Despite the many pressing issues that cause me daily anxiety and stress, instead of using this opportunity (as usual) to vent my frustrations with a world run amok, this season I intend to focus on what is inspirational. Don’t think I am suddenly burying my head in the sand about climate change—the plight of polar bears and walruses in the Arctic is always of paramount concern. But I’d like to use this opportunity to tip my hat to the countless individuals in this community and around the world who are devoted to improving quality of life for the many, not just themselves.

A primary issue of our time—some might posit that it is the primary issue—is food: who grows it, what is grown, how it’s grown, how it’s delivered to communities, what it tastes like, what its health benefits or detriments are, why some people eat too much of one thing and not enough of another and why some people have access to healthy foods and others don’t. These are just a few of the many concerns about this most basic thing that nourishes us: food.

But, increasingly, more and more individuals are becoming informed about issues of fair trade, food justice, food sovereignty, food safety, food policy, food security, food democracy, better food in schools, clear and specific labeling of all foods, humane treatment of both the people who grow our food and the farm animals we eat, the elimination of food deserts, pesticide drift onto organic farms, etc. They work tirelessly in this country to inform people of the significant role the Farm Bill plays in our lives. In many countries, including ours, they are affecting policy and getting laws passed to address these issues.

They write blogs to post on the Internet and letters to their government representatives; they plant community vegetable gardens; they volunteer in their children’s schools to improve nutrition.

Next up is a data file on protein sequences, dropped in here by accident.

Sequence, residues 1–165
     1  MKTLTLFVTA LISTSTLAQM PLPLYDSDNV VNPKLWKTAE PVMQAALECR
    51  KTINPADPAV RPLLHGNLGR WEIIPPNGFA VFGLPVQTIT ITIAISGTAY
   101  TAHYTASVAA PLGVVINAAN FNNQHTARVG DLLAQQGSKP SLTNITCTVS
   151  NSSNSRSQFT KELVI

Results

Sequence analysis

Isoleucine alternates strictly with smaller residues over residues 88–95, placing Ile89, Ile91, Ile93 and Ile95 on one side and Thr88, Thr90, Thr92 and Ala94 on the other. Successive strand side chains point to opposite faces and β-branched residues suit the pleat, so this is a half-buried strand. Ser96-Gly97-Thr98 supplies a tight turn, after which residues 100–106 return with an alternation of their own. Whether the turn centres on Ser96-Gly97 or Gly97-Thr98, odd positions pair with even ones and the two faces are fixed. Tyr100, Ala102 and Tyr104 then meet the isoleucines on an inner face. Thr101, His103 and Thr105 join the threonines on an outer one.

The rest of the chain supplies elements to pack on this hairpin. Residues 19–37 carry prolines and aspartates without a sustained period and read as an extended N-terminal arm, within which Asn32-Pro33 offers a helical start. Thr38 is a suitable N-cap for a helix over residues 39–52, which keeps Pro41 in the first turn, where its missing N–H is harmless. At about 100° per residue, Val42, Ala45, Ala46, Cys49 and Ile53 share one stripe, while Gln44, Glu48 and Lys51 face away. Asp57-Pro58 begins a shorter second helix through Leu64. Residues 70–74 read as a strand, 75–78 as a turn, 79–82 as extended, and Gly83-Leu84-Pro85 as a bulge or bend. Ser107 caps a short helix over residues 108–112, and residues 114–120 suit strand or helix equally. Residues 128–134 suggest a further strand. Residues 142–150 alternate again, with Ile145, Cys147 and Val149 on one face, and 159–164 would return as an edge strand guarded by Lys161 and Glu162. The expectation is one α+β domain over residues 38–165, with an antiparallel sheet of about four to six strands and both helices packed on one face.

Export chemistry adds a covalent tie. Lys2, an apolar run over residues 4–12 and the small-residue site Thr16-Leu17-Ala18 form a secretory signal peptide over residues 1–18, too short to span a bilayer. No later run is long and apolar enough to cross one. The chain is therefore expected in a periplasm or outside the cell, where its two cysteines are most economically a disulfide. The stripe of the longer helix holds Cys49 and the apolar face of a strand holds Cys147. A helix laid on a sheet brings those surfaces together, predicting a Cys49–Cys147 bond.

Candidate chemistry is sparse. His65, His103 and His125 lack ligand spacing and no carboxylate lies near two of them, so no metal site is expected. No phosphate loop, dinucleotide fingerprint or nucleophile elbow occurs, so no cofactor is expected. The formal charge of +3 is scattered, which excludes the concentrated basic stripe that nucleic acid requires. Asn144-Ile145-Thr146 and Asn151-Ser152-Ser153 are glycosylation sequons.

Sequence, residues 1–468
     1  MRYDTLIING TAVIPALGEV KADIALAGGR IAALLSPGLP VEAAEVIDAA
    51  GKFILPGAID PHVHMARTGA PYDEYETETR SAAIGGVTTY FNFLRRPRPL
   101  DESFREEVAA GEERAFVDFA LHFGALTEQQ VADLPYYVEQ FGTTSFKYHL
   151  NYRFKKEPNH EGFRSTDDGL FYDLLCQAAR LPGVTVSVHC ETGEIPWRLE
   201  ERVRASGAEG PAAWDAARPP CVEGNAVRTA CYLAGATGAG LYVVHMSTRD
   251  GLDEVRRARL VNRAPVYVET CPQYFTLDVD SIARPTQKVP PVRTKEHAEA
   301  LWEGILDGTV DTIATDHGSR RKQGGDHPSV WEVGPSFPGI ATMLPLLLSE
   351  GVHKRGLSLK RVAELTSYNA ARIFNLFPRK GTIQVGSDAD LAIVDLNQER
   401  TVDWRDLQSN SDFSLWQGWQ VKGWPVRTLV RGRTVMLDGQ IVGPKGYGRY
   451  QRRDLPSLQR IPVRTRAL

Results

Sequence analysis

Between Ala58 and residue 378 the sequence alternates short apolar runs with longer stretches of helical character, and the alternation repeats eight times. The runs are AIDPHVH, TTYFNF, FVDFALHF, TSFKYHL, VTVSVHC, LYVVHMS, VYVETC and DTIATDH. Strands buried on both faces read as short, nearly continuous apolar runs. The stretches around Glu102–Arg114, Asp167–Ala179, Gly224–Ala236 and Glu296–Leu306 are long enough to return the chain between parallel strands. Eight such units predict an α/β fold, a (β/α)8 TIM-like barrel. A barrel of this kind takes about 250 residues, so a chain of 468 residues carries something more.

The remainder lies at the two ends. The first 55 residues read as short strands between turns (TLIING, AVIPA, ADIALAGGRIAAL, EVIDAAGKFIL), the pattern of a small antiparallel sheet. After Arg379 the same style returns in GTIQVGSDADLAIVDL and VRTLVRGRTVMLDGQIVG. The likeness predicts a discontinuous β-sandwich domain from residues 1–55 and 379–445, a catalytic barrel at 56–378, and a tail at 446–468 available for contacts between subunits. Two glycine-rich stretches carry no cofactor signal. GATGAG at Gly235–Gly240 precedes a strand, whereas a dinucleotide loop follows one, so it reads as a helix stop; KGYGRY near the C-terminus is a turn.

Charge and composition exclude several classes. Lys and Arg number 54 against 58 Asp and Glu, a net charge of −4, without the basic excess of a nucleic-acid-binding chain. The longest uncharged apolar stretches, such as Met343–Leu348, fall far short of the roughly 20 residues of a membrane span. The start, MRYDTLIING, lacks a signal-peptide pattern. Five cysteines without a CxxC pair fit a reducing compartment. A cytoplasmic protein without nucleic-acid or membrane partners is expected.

Understanding that there is power in numbers, they collaborate with other like-minded individuals and organize. What began as a small grassroots movement, in recent years has grown exponentially.

Now, organizations abound with names like California Food and Justice Coalition, WHY Hunger, Just Community Food Systems, Community Food Security Coalition (a national coalition of 500 organizations!) or Food First. As stated on their website, “CFJC promotes the basic human right to healthy food while advancing social, agricultural, environmental and economic justice. Through advocacy, organizing and education, we collaborate with community-based efforts to create a sustainable food supply for the residents of California. We envision a California food system in which all activities, from farm to table, are equitable, healthful, regenerative and community-driven.”

Our basic right to healthy food, as defined by the United Nations Human Rights Council, guides most of these individuals and organizations as they collaborate on ways to safeguard that right while holding accountable those who would deny it. I am deeply inspired by and grateful for all of their efforts.

In the meantime, with an autumn nip in the air and the days getting shorter and shorter, I’m already missing the summer. But here’s to beautiful harvest moons, baking pies and sharing whatever we have to share with family, friends and neighbors.

Jane Handel

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